Bernard Parmegiani – ‘Rock (Original Soundtrack)’ (Transversales Disques): Recorded in 1982 as the soundtrack to Michel Treguero’s film, ‘Rock’ was created using a TR-808 drum-machine, a Synthi AKS, a Farfisa organ, and a Clavinet. Recorded entirely in Parmegiani’s home studio, ‘Rock’ uncannily laid the foundations for future records, such as Robert Aiki Aubery Lowe‘s ‘Two Orb Reel’ (More Than Human), reviewed in these pages a mere couple of columns ago. Splice ‘Rock’ with Jean Hoyoux‘s ‘Planètes’ (Cortizona), et voila! A member of the Groupe De Recherches Musicales, an electroacoustic composer in his own right, and a contemporary of Pierre Schaeffer, Luc Ferrari, François Bayle et al., Parmegiani’s reputation spent years languishing in the shadows cast by the success of his fellow musicians; decades of grubbing about in the margins. Paris-based label, Transversales Disques, are now set to challenge such isolationist narratives with their inaugural release of ‘Rock’. Ironically, Parmegiani began his creative life as a mime artist, before forging a career defined by the potential of recorded sound, largely in the arena of film and television. Bearing little resemblance to the bulk of Parmegiani’s work as a composer, ‘Rock’ instead owes more to the likes of Carpenter, de Roubaix and the Berlin School of 80s electronica. I originally stumbled across ‘Rock’ as a spiritual companion record to Pierre Mariétan‘s ‘Rose Des Vents’ (Mana Records), a vaguely contemporaneous Parisienne experimental sound artefact from 1981: the fine defined lines of the artwork, the similar yellow hue of the record’s sleeve, connectivity at play in an obsessive mind. ‘Rock’ unfolds over 19-short vignettes of effervescence: radical, modular, droning, pulsating, analogue dysfunction. Tonally captivating, nothing hangs around long enough to outstay its welcome. There’s something utterly fascinating about this record, it possesses that certain je ne sais quoi that’s also present in spades on ‘Rose De Vents’. An utterly essential purchase.

Dmitry Evgrafov – ‘Comprehension Of Light’ (130701): In a teeming genre pool as fertile as that of neo-classical electronica, it takes something extraordinary to overshadow relative veterans such as Max Richter or Jóhann Jóhannsson, but with ‘Comprehension Of Light’, that’s precisely what this inexplicably talented neophyte Moskvich pianist has achieved, in one fell swoop. If Richter is imagined as an electronic composer flirting with classicism, and Jóhannsson as a classical composer flirting with electronica, then Evgrafov must then be framed as a true hybrid, on a journey of expansion, undertaken within, not without. ‘Comprehension Of Light’ is thus defined as an inventory of self by the artist; a stock take of ethical and moral concerns; an internal audit, if you will. A vast swathe of emotional intelligence that serves as a juxtaposition to his previous piano-dominated lyricism: for an album composed by a pianist, the piano only makes four notable appearances throughout. Instead we are enveloped by a cosmos of resonating drones, punctuated by ecstatic string-led chamber interludes that rise from their sombre killing floor to soar like eagles atop the heady mix. I’ve been spinning this head-to-head with Godspeed You! Black Emperor‘s ‘Luciferian Towers’ for the past few weeks, and despite my eternal love for GY!BE, I have to say Dmitry is edging ahead. When I was younger, adults used to tell me that I’d know when I’d finally grown up, because I’d start listening to classical music. ‘Comprehension Of Light’ turns that maxim on its head, inside out, and upside down.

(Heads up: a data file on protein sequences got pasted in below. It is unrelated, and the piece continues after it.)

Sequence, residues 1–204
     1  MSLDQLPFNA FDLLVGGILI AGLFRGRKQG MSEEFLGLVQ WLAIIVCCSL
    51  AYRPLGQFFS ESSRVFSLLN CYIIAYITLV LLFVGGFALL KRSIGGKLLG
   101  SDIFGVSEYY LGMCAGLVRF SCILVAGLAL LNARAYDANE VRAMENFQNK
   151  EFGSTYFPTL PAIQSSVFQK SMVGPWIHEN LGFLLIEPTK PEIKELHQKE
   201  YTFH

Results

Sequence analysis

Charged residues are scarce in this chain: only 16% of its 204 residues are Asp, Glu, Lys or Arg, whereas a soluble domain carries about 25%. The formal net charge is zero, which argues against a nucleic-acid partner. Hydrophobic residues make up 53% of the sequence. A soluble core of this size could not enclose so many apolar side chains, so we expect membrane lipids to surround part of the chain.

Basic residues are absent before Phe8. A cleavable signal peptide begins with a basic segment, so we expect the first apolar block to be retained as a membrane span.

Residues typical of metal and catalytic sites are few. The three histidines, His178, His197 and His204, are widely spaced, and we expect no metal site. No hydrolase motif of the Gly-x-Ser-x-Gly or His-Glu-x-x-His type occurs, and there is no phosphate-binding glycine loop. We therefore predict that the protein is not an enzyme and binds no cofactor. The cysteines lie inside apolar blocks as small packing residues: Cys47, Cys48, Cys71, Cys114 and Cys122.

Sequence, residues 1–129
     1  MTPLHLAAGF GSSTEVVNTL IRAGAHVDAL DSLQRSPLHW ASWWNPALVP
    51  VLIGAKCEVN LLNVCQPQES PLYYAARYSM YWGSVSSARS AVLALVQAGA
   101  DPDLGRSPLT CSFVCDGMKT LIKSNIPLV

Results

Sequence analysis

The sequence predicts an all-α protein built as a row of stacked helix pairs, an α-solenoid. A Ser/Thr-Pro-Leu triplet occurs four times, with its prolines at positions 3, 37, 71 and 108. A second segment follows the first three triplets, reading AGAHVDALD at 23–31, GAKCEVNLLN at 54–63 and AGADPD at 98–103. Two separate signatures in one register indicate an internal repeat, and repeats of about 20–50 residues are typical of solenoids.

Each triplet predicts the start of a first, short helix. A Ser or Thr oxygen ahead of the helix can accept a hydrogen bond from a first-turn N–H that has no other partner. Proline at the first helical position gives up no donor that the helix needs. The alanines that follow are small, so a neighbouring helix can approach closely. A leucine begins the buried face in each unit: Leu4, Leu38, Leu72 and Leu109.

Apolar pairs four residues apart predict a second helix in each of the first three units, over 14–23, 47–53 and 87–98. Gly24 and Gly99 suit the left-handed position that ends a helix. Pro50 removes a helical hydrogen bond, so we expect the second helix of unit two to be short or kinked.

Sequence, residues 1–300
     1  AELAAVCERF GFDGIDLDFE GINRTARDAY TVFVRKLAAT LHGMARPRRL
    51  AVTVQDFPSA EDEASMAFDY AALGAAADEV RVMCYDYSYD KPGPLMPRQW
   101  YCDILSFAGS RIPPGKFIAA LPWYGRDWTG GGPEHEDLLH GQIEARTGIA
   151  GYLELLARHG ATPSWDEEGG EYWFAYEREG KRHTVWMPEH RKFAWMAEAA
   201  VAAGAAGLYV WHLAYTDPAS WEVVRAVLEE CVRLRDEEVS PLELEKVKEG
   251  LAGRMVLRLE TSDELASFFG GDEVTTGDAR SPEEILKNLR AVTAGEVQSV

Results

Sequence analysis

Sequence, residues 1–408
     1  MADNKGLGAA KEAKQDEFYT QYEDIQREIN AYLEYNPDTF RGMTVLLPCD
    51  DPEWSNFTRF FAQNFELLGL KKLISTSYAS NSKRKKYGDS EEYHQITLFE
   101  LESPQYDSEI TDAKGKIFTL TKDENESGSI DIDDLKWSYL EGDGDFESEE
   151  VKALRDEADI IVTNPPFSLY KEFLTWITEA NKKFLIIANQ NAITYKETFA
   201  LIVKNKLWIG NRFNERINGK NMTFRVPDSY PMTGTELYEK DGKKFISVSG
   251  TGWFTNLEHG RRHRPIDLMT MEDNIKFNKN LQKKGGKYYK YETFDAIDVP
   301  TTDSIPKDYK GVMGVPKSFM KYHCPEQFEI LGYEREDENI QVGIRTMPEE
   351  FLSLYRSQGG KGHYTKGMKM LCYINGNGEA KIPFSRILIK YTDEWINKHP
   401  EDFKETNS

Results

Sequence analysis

V/A – ‘Invenciones: La Otra Vanguardia Musical En Latinoamerica 1976-1988′ (Munster): Featuring Manongo Mujica, Banda Dispersa De La Madre Selva, Miguel Flores, Amauta, Autoperro, Malalche, Decibel, Jorge Reyes, Grupo Um, Carlos Da Silveira, Musikautomatika, Quum, Vía Láctea, and Miguel Noya.

Thoroughly enticing compilation on the ever-reliable Munster Records, collating Latin America’s embracing of the DIY ethic. The sound of South America exploding through punk rock, and out the other side. History has applied cult status to many of the artists featured here, and as with the febrile movements in similar timeframes I’ve recently been exploring in both Italy and France, there is much here that connects intuitively to the bulk of the extraordinary exploration that’s filled these pages in 2017. The counterculture of the 60s, like the atom, has continued to expand ever since its detonation, and it could be argued that punk temporarily became an inadvertent straightjacket; that instead of liberating a staid and lumbering aristocracy of dinosaurs, as the myth insists, it instead merely halted the tide of progression temporarily, before misappropriating all its best ideas in the name of post-punk.

To conclude, those who cite ‘Never Mind The Bollocks’ as the only punk rock LP ever made, will doubtless bore you senseless with their justification of ‘Metal Box’ as the epitome of experimentalism. It’s a bitter P/i/L to swallow, but some people just seem to revel in being cheated.

Jean Encoule - November 10th, 2017